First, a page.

Northern Texas Frontier. 1871.
Gunshots ring out in the darkness. Men yell. Some scream in pain, others from the death of family members.
Alastor Denton bolts up from his cot. A bugle horns blasts out from the other side of his tent. Without thinking, one hand grabs his black Stetson, the other his revolver. He’s an imposing figure. The rugged lines across his unshaven face show his rough lifestyle as a militia member that assists the Texas Rangers. The stress is aging him before his time. The cot creaks almost as loud as his back does as he stands. Is he in his mid-thirties or his sixties?
The flap of the tent parts as Alastor steps out into the commotion of the camp. Members of Captain Bryme’s militia scatter around. Captain Bryme, a thin, lengthy, too clean looking to be doing this type trots by on his horse. He eyes Alastor as he passes. Another group of a dozen men, a rag-tag group, half drunk, stagger past.
Alastor stops one of the men. “What’s happened?” His voice is harsh, almost hoarse.
“They sayin’ the Indian’s shot up Kindvall’s ranch. Stole horses,” the man said.
“It’s the Indian’s that will eat ya!” Another one said as they continue towards the main line of the militia.
Out from the pack of drunkards appears Sonny Bryme – the middle son of the Captain’s. He’s crooked – his hat, his teeth, one eye, his mind. Something has been off about him since birth. He’ll never live up to the politicians, lawyers, educators and smooth talkers like the rest of his family. He’s barely riding the good side of the law being daddy’s ruthless enforcer.
“You better saddle up, we ridin’ out ‘head of the main. Indian’s run off into the badlands. We gonna get’em no question asked,” said Sonny.
“It’s not the Akokisa people. They don’t raid like that. Not on the edge.”
“Kindvall’s line rider’s gone. Dinner I’m told.”
Alastor pulls the black bandana up from his once white shirt. He stares down Sonny as he buttons his black coat. The buttons are the only colorful part of his look – large, shiny silver heart-shaped buttons clasp the coat closed.
“You’s an yer momma’s buttons.” Sonny laughs. “Brings me to tears, boy.”
* * *
Through the darkness, two horses race off into the badlands of the frontier. Alastor leads Sonny. Both in black, both masked by their bandanas, roaming the land like unseen ghosts.
They enter a forest area. The hooves of the horses lightly tap against the ground, tip-toeing through the beaten down trails. Alastor stops his horse. He looks back to Sonny and gestures to hush. Nearby, someone whistles – it’s melodic, enchanting, mesmerizing. They dismount their horses and tie the reins to a tree. Sonny pulls a shotgun from his saddle. Alastor cocks both of his revolvers. They creep towards the whistling sound like they are in a trance and summoned by it. It’s coming from a small clearing up ahead. A campfire burns. As the two move in closer, Alastor spots four men, one whistling. One of the men stands and looks. Alastor can see right away that the men are Indian warriors.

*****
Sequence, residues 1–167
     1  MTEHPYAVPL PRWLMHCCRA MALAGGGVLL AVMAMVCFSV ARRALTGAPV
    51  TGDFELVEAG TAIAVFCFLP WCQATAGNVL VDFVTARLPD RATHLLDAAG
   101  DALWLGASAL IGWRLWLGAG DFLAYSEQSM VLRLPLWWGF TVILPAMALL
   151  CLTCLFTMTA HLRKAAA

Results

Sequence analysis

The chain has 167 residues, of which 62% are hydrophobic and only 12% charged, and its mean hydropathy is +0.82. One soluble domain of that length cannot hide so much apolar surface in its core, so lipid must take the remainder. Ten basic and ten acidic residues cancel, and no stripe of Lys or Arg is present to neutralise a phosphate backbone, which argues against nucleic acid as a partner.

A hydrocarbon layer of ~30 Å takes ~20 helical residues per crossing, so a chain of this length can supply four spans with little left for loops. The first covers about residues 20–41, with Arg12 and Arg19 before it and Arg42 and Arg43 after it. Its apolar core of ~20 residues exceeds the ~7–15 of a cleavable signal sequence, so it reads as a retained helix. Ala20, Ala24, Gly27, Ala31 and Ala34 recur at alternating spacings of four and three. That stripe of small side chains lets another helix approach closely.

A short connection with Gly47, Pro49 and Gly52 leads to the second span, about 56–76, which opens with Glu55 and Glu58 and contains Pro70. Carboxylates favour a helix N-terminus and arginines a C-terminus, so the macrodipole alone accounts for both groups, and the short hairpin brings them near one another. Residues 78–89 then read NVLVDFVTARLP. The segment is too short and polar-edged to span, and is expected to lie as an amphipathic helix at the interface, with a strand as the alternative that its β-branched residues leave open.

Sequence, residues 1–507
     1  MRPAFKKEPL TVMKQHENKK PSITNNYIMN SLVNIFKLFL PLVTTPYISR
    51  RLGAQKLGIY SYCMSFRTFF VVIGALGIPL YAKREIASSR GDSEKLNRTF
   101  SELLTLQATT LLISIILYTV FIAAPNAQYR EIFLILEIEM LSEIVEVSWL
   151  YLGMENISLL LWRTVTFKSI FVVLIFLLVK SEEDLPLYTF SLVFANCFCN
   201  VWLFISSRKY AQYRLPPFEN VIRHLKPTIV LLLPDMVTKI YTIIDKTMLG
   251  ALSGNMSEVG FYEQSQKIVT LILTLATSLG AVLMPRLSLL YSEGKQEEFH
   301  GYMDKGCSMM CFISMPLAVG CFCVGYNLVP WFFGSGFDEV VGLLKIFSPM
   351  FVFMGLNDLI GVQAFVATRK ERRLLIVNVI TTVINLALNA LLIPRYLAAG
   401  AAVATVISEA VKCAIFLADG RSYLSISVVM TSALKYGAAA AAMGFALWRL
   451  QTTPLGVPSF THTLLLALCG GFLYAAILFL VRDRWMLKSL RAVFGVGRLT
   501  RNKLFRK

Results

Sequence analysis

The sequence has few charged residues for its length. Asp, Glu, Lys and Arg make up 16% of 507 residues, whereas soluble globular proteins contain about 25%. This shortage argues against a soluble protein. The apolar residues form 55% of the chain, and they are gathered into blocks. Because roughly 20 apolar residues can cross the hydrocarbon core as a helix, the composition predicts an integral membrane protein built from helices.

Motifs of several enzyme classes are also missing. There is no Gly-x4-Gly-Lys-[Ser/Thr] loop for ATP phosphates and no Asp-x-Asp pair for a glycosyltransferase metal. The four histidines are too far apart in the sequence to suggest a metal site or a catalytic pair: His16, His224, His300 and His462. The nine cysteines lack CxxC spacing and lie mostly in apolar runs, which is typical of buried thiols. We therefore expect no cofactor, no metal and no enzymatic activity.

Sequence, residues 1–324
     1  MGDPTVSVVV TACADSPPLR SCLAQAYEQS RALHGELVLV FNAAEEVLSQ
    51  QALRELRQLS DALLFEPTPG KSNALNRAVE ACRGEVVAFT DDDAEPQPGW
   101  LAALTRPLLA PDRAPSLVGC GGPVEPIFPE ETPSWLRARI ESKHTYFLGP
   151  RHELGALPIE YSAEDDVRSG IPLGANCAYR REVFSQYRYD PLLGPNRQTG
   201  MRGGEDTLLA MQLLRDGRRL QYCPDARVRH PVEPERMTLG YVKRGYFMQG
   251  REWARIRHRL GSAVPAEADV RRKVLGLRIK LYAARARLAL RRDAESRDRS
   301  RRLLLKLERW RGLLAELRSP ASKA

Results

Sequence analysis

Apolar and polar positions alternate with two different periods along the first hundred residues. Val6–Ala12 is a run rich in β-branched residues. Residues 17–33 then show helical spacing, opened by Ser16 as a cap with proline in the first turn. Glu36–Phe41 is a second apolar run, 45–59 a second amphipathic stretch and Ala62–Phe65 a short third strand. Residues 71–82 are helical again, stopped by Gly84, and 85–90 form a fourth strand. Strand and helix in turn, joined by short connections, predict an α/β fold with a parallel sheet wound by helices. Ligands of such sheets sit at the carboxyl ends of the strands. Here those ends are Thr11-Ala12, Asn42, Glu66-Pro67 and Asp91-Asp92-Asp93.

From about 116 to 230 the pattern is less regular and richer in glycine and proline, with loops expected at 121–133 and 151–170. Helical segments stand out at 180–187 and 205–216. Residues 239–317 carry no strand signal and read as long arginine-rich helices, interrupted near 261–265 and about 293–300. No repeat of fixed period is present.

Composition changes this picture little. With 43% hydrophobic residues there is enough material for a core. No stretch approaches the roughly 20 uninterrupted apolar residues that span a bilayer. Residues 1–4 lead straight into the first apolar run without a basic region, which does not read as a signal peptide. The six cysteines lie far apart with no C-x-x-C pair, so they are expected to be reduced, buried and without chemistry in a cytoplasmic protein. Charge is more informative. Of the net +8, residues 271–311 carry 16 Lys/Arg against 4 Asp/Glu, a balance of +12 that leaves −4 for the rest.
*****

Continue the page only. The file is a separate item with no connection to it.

“It’s dem,” Sonny whispered.
“Not who we’re lookin’ for,” Alastor said. “These are Yomani. Let’s get out of here.”
“They are Indians and we are getting dem. I’ll take da left, you take da right. Go on my shot.”
Sonny sneaks out to the left flank of the campsite. Alastor moves to the right. Twigs snap around somewhere in the darkness. Alastor ducks and waits, he’s hidden in the blackness. One of the Indians walks past him.
BOOM! The shotguns fired. An Indian yells out. Sonny yells to the Indians to get down. Alastor arrives at the camp. One of the Indians lays dead, his face blasted off. The other two are kneeling before Sonny. Sonny raises his revolver to the head of the first Indian.
“Don’t do this, Sonny,” Alastor said.
“Where you’s been, boy? These boys puttin’ up a fight not cooperating. Had to take the camp by myself.”
“Put the gun down.”
“They gonna pay. You take ours, we’ll take you’s.”
“These aren’t the ones, Sonny.”
“They all da ones.” Sonny pulls the hammer back on the gun and lifts it to the Indian’s head. “You always tryin’ to save dem. I don’t understand ya. But they ain’t worth savin’ like daddy says.”
Sonny pulls the trigger. The back side of the Indian’s head burst open like a melon. The blood hits Alastor. The second Indian stands to run. Alastor lunges at Sonny but it’s too late, Sonny cocks the gun, aims, fires, the Indian falls dead.